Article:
I do like to have the information they provide me, but I have always been a person who solves things based on knowledge and who likes to be prepared. So if you can get by the crap the data can be useful.
 

Lkaibel

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Our Doctor is a great guy and everyone we met (well save for one snotty nurse, but there is always the ONE lol!) at our day - long diagnosis and clinic adventure was great. I can see though how the key may be getting to the people you want to see rather than everyone in the medical speed dating chain. I did also appreciate the open minded attitude of everyone concerned when we talked quality of life choices.

We did just discuss doing more of the stretching and ROM exercises the PT mentioned and gave instructions for last week for the legs and even arms. He has twitches in his arms but no loss of strength yet.

Wow. This guy had the body of a thirty year old. To look at him he still does. He was a personal trainer for several years, and even now in his 60's many would comment on his strength, grace and good looks. On the 4th of July last year, he skittered up to the garage roof on a ladder to get a better look at the fire works. A friend laughed and said "just like a cat!" This 4th of July we were absorbing the shock of this diagnosis. How ironic it is that this very body, this well-tended, never sick prize has betrayed him. Meanwhile, I am taking my fat 51 year old self to work this morning with a little tendonitis in my overworked wrist, but overall none the worse for wear.

Thanks all for being so helpful, much appreciated.
 

KimT

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My local neuro has helped me more than the Center of Excellence I visited once every three months. He and I go back 15 years because of migraine and Meniere's disease. He is much more focused on me as an individual with individual needs. He was also the one who wrote the Rx for B-12 when the "Center of Excellence" told me my B-12 level was already too high.
 

SKlocinski

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Tom gets numbness and tingling in his feet. We think it is because he has no fat padding anymore and sitting for long periods of time causes it. He also has some spinal degeneration so that could be a cause as well as the ALS
 

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Lenore, as you can see, experiences at clinics differ. We love ours. Matt is at 2 1/2 years now and every time we go in he is treated like an individual and we come away with things to try, equipment, medication adjustments---something (or things) to make life better or easier. We only see the specialists that are relevant. If something comes up and a different speciality is called for, then that person comes in. They are very flexible.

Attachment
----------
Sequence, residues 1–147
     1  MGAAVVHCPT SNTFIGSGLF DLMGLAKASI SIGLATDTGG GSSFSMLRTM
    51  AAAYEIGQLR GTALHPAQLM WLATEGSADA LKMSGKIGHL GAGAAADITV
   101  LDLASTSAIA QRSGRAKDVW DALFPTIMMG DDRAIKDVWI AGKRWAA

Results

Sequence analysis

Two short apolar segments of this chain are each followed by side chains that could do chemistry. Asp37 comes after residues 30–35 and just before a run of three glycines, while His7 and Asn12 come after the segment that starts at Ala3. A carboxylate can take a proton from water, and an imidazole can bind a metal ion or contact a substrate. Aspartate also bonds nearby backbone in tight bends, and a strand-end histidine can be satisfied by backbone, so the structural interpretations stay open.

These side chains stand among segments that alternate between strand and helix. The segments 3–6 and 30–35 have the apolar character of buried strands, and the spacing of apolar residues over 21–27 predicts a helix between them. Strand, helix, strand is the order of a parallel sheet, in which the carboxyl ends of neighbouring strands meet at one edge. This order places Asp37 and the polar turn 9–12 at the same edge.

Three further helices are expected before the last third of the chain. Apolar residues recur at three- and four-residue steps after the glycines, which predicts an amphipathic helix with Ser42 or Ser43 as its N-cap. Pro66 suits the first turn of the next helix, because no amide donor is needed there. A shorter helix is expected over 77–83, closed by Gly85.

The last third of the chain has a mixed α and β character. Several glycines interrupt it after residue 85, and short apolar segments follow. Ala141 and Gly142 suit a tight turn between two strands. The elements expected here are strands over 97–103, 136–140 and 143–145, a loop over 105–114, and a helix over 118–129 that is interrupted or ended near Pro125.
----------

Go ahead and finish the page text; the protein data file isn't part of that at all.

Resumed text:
The tingling and numbness sounds like pressure on nerves--the neurologist might be the one to ask. Matt has sciatica and is going in soon for his second round of cortisone injections (we are trying to wean him off some of the meds).

About fitness levels and body types--we have the same situation here. My husband was at his prime and I am certainly not. We always thought he'd end up caring for me at some point. This disease--it takes out the best of us.

Becky
Queen of Everything (sooner or later)
 

Lkaibel

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The Doctor said at this point he does not think it is actually ALS related. He is even borderline for needing the orthotics, so he said "not yet" on being ALS related. Dr at least now is blaming his back - some spinal stuff that showed up on MRI in diagnostic process. Who knows - it's not too bad at this point and he said ALS related or not, ROM seems to help. I think ROM exercises feel good period.
 
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Nuts

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We do tend to instantly think ALS when things go wrong, but often issues are a byproduct of ALS. I'm trying to get my hubby off of some of the meds he takes for pain. Will your ALS doc, who is a neurologist, not address other neurological pain?
 

Lkaibel

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I am not sure yet where he is on the pain thing. I do know we got a VERY quick "you will need to see your primary" when we talked about sleep issues. Our primary did a medication for that so Brian is sleeping which is great. Brian is also saying his left leg, the one that had the nerve entrapment from the fall that got all of this diagnostic process in motion is feeling better. WE think its from the recovery/easing of the nerve entrapment part on the left leg. That's good too - weakening muscles from the ALS are enough without dealing with a nerve entrapment too. I am glad not to see him pushing himself so hard anymore too. Before the Dx it was like he was trying to prove to himself this was all in his head or something.